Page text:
NHS Blood and Transplant reveals nearly 6,000 Asian people in the UK have had to wait for a transplant in the last decade….reports Asian Lite News
5,768 people from Asian communities in the UK have endured the wait for an organ transplant in the last 10 years and 644 of them have died before receiving the transplant they desperately needed, new statistics reveal.
The figures released today by NHS Blood and Transplant (20/11/15) coincide with the launch of a neworgan donation campaign ‘The Wait’ to highlight the true scale of the organ shortage.
Patients from Black, Asian and Minority Ethnic communities are over-represented on the transplant waiting list with 28% of patients coming from these communities. The shortage of donated organsmeans that patients can wait a long time for an organ or even die without getting the transplant they need. For example, Asian people who get the kidney transplant they need wait longer than white people – on average 1,208 days compared to 955 days.
‘The Wait’ campaign launches with the release of a 14 hour film capturing a day in the life of patient Simon Howell, 41, his wife Anita, also 41, and their children Sarah, 8, and James, 3. Born with a serious kidney condition, renal dysplasia, Simon had his first kidney transplant in 2005 thanks to his mum offering to be a living donor. Unfortunately, in 2009, the kidney failed. Simon was added to the transplant waiting list for a new kidney and has been waiting longer than six years already.
Simon allowed cameras to record the reality of just one of the many days he has spent waiting for a suitable organ to highlight just how difficult life is on the transplant waiting list.
Simon’s day is dominated by his illness. His day is punctuated with four life-saving sessions of dialysis, indescribable fatigue and constant uncertainty for the future as he and his family live in hope that a suitable donor organ will become available.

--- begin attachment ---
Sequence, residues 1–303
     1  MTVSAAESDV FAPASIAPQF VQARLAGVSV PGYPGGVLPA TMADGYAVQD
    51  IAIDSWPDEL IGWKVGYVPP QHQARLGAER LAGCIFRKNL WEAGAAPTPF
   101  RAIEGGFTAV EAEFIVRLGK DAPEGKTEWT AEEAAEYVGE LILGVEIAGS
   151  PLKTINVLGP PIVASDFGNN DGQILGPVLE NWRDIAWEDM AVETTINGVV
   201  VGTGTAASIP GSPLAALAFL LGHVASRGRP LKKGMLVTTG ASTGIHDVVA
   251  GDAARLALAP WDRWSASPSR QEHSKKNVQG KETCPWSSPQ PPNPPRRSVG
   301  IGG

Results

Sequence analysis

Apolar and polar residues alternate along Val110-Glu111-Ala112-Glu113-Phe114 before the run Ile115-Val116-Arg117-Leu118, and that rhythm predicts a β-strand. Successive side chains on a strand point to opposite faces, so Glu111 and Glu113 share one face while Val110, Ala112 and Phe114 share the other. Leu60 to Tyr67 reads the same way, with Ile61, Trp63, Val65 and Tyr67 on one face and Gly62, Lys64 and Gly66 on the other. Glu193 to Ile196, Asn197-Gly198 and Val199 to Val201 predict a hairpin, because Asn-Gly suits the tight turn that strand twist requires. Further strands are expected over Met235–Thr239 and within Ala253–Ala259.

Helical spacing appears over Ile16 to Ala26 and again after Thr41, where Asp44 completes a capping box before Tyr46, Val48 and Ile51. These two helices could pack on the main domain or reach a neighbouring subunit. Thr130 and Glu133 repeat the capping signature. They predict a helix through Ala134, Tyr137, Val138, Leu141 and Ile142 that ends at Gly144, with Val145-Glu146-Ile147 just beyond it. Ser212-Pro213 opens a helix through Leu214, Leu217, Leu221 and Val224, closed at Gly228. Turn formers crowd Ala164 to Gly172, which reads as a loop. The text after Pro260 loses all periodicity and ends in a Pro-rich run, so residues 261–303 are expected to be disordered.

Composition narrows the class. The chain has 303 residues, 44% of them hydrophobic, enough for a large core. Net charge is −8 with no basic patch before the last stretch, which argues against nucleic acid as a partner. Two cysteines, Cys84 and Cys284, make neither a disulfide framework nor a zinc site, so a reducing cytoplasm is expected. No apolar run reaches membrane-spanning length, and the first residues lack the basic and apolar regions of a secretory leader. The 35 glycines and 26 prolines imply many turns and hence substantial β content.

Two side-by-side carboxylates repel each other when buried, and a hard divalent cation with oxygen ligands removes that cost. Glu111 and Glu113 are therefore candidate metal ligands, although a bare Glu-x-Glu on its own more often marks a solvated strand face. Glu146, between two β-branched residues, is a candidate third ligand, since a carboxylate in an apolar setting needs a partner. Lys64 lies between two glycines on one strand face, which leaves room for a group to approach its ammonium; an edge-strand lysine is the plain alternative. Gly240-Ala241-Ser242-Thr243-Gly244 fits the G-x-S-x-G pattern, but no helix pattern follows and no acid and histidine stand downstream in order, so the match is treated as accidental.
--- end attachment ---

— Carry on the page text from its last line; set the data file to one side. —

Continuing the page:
Talking about the impact of being on dialysis and waiting for a transplant, Simon said: “My family and I are on a roller coaster and like a roller coaster, I can’t see the twists and turns or how it will end. But a transplant would completely transform my health and all our lives.”
Sally Johnson, NHS Blood and Transplant Director of Organ Donation and Transplantation said: “We have launched this campaign to draw attention to what waiting for a transplant is really like. We really hope that more Asian people will sign up as organ donors so they can potentially save lives in future.
“I’d ask you to imagine how you’d feel if someone close to you was waiting for a transplant; their whole life on hold, hoping someone will donate to save them. I’m sure we’d all hope an organ would be available to help someone we love – so shouldn’t we all pledge to be organ donors so more lives can be saved?
“If you haven’t told those closest to you that you want to be an organ donor, then please do it today. Tell them you want to be an organ donor and record your decision on the NHS Organ Donor Register.”
Kirit Modi, a kidney transplant recipient who campaigns for more donors from Asian communities,said: “I was fortunate enough to receive a kidney from my wife in 2001 and the transplant really transformed my life. However, like many other people who’ve had a transplant, I’ll need another one in future.
“We should all ask ourselves whether we should accept 1 in 10 Asian people dying before receiving the transplant they need. This is a situation that we can change if more people commit to be donors from Asian and other communities. Asian community groups, including faith groups need to do more by working in partnership with NHS Blood and Transplant and others to bring about urgent change to save lives.”